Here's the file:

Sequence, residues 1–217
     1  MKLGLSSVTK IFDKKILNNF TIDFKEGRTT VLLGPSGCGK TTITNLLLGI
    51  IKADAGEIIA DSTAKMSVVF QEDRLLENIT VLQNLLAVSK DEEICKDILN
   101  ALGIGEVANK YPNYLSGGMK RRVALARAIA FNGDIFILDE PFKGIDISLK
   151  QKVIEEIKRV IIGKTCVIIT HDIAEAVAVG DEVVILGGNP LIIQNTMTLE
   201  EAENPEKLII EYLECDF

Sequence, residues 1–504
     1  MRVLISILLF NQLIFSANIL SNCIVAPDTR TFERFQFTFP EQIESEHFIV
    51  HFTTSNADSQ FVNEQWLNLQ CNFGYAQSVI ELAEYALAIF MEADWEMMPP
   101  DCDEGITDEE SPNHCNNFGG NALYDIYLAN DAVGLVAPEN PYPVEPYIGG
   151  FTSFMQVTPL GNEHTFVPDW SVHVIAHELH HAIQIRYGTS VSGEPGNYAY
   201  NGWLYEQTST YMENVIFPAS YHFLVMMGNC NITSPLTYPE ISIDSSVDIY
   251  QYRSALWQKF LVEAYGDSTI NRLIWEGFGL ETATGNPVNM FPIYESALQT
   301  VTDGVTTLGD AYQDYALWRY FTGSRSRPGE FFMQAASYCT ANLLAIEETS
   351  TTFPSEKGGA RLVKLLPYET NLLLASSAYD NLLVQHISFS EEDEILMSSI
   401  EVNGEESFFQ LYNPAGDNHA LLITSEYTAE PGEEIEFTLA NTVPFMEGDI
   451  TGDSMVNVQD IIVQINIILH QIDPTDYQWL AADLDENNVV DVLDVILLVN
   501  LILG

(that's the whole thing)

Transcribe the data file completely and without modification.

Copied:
Sequence, residues 1–217
     1  MKLGLSSVTK IFDKKILNNF TIDFKEGRTT VLLGPSGCGK TTITNLLLGI
    51  IKADAGEIIA DSTAKMSVVF QEDRLLENIT VLQNLLAVSK DEEICKDILN
   101  ALGIGEVANK YPNYLSGGMK RRVALARAIA FNGDIFILDE PFKGIDISLK
   151  QKVIEEIKRV IIGKTCVIIT HDIAEAVAVG DEVVILGGNP LIIQNTMTLE
   201  EAENPEKLII EYLECDF

Sequence, residues 1–504
     1  MRVLISILLF NQLIFSANIL SNCIVAPDTR TFERFQFTFP EQIESEHFIV
    51  HFTTSNADSQ FVNEQWLNLQ CNFGYAQSVI ELAEYALAIF MEADWEMMPP
   101  DCDEGITDEE SPNHCNNFGG NALYDIYLAN DAVGLVAPEN PYPVEPYIGG
   151  FTSFMQVTPL GNEHTFVPDW SVHVIAHELH HAIQIRYGTS VSGEPGNYAY
   201  NGWLYEQTST YMENVIFPAS YHFLVMMGNC NITSPLTYPE ISIDSSVDIY
   251  QYRSALWQKF LVEAYGDSTI NRLIWEGFGL ETATGNPVNM FPIYESALQT
   301  VTDGVTTLGD AYQDYALWRY FTGSRSRPGE FFMQAASYCT ANLLAIEETS
   351  TTFPSEKGGA RLVKLLPYET NLLLASSAYD NLLVQHISFS EEDEILMSSI
   401  EVNGEESFFQ LYNPAGDNHA LLITSEYTAE PGEEIEFTLA NTVPFMEGDI
   451  TGDSMVNVQD IIVQINIILH QIDPTDYQWL AADLDENNVV DVLDVILLVN
   501  LILG